Twenty years ago, Dalhousie’s School of Business introduced a mandatory co-op program where each student would require three work term completions to graduate. Now, 10,000 co-op success stories later, the decision proved to be a good one. On Thursday, Nov. 24, faculty, staff, employer partners and students gathered at the Rowe Management Building to celebrate 10,000 successful co-op graduates from Dalhousie’s Faculty of Management.
Finding the right fit
The appreciation for the co-op program runs both ways according to employer partners, some of whom have been involved in the program for over ten years.“The quality of students that come from Dal’s co-op program is second to none,” says employer partner Bruce Rutherford, senior account manager with HSBC Bank of Canada. “All my staff were once co-op students and I’m happy to give back to the program any way I can.”
“Work terms give employers the chance to see if an employee will be a good fit in the organization,” explains Michelle Callaghan, senior manager, audit at KPMG who supervised Ms. Baker. “In Veronica’s case, there’s no doubt she’d be a great employee because she’s basically been on a four month interview.”
The decision to incorporate three mandatory work terms was the brainchild of former management professor John Parker and former director of the School of Business Ray Klapstein. They felt it was important to give every student the opportunity to gain at least one year of professional experience before graduating, explains Melvina Jones in Management Career Services. “With three co-ops, you could work one term in accounting, the next in marketing, and the last in finance,” she says. “It’s a great way for students to find out what they do and do not like.”
“Reaching the 10,000 milestone is a testament to the value of the co-op program to both our students and their employers,” says Anna Cranston, director of Management Career Services. “Our graduates leave Dal with one year of work experience and a good number of connections to help them be very competitive on the graduate job market.”
Veronica Baker, a fourth-year commerce student, completed her first work term at the accounting firm KMPG and her second two at Emera. She says graduating with a year’s worth of professional experience allows students to draw on real-life examples during class discussions and network with colleagues in similar industries.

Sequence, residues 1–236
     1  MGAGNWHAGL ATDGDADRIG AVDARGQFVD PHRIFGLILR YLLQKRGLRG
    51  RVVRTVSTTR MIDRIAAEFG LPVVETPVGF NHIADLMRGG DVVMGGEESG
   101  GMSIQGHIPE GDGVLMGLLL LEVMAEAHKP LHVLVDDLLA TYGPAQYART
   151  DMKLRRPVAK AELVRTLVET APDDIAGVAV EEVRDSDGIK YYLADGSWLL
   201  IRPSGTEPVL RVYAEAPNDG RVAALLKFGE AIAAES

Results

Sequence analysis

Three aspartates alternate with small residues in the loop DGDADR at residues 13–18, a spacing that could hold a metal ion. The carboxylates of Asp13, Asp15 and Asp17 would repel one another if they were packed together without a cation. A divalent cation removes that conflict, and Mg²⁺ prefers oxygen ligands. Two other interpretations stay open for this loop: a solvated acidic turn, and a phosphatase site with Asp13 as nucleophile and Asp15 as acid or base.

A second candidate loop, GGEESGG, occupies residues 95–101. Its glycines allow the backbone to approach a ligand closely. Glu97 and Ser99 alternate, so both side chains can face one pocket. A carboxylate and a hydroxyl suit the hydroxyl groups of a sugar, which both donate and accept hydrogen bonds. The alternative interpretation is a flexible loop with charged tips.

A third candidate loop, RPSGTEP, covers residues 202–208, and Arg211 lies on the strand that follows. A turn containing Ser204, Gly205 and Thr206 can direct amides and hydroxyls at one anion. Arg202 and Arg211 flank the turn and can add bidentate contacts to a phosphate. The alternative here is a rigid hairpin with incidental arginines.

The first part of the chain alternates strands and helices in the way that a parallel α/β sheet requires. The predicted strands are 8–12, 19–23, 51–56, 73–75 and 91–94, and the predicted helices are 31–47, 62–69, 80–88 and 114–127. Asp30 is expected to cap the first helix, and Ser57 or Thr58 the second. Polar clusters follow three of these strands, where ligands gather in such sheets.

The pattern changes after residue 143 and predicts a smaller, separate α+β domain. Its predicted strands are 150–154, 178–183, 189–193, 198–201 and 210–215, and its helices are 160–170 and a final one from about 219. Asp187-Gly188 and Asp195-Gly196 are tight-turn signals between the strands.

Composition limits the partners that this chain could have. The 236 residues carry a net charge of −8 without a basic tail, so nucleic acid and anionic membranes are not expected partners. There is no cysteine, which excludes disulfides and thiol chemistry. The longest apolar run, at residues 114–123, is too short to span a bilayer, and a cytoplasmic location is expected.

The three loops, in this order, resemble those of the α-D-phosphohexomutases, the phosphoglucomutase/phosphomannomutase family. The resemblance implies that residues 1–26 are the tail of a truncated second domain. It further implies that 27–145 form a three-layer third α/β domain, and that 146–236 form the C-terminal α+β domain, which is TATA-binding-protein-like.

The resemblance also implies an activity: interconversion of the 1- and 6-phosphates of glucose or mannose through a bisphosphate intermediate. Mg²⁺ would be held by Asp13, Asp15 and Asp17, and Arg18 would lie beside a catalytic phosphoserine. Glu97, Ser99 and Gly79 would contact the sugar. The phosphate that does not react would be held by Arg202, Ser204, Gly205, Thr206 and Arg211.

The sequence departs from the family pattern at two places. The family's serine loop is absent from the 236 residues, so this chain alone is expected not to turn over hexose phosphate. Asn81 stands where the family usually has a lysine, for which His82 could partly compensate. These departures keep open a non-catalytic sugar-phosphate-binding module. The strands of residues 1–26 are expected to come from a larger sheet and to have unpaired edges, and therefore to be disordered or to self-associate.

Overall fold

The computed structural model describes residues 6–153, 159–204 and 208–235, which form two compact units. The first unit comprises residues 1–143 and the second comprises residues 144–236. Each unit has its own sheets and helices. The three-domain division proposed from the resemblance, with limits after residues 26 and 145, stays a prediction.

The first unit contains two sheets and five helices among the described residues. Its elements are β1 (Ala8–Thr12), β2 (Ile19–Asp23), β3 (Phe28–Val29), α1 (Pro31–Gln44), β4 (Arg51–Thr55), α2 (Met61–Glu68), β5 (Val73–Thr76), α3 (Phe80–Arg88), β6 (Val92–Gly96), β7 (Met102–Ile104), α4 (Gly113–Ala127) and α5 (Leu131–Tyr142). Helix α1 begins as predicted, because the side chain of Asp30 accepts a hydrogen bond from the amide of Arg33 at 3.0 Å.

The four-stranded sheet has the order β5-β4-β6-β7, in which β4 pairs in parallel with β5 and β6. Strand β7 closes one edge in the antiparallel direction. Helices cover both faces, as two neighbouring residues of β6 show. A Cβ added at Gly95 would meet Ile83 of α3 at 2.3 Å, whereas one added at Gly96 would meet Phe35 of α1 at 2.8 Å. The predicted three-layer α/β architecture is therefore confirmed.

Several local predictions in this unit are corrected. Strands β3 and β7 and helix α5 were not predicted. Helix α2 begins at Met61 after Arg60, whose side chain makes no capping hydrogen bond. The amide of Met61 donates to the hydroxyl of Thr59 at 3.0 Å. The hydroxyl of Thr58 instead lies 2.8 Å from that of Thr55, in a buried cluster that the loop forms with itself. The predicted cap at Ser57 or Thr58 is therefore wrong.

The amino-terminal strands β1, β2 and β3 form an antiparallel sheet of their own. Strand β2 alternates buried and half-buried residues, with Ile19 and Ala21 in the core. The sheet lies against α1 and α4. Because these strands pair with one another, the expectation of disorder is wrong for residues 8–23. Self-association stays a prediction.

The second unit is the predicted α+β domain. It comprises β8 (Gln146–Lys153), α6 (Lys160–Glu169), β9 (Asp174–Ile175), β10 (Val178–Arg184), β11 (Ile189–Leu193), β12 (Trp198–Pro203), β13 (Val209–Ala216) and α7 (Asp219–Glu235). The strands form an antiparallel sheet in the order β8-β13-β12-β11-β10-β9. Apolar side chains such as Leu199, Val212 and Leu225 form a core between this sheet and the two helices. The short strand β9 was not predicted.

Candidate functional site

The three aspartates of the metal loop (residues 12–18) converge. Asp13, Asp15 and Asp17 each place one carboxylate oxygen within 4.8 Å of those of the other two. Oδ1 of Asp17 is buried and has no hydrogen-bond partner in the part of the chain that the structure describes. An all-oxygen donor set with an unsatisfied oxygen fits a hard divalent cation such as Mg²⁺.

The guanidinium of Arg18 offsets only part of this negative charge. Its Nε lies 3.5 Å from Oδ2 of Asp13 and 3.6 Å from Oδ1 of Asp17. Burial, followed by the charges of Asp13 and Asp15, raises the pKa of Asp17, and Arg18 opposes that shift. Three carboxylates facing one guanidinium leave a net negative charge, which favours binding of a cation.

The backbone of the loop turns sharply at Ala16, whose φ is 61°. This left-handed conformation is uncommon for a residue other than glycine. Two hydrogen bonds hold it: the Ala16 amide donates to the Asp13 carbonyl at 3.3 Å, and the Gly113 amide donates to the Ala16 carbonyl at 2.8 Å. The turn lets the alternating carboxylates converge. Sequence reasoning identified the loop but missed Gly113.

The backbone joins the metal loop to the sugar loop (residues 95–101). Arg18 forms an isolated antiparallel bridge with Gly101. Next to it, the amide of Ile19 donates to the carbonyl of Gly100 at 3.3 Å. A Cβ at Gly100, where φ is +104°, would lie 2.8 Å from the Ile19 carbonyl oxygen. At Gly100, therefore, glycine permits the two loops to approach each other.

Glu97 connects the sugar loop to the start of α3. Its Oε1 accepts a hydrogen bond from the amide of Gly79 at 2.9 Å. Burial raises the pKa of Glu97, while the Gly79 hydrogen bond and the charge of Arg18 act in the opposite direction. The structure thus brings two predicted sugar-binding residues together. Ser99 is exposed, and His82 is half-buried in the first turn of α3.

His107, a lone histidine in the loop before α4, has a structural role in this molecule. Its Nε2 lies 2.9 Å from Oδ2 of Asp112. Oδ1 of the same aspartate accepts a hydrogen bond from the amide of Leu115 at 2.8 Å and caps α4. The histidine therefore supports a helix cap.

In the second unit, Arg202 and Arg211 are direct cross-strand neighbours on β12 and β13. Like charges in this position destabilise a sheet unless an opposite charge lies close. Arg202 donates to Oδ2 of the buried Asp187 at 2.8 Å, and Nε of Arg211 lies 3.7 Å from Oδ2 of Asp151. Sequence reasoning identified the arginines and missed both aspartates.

“There were times while working at KPMG that I spoke with students working towards their CA (chartered accountant) designation,” she says. “I was able to learn so much more about the specific process than what is taught in school – it was great to speak with someone going through something I was working towards.” There were also a few surprises along the way. “Before I started working, I never realized how much soft skills are valued in the workplace,” she says. “I’m a pretty positive person and I didn’t know that would be appreciated in the work place and just being yourself is how you truly shine.” After graduation, Ms. Baker will work towards her CA designation at KPMG Halifax, an opportunity that stemmed from her first work term.
Jason Wong, a fourth-year commerce student, completed his most recent co-op with Make-A-Wish Foundation, Atlantic Provinces. He agrees that work terms let students apply classroom lessons with workplace situations and says the opportunities that come from working at a particular place are sometimes invaluable. “After graduation, we might all know what a supply and demand curve is, but learning how to use it to maximize growth and efficiency is equally as important,” he says.
While working with Make-A-Wish, Mr. Wong helped raise over $800,000 for the foundation and direct a public service announcement that was shown in theatres across Atlantic Canada – not to mention the chance to meet some exceptional people.“If it hadn’t been for my work term, I would never have gotten the opportunity to meet some of the inspirational ‘Wish’ families and hear their stories of bravery, strength, and courage.”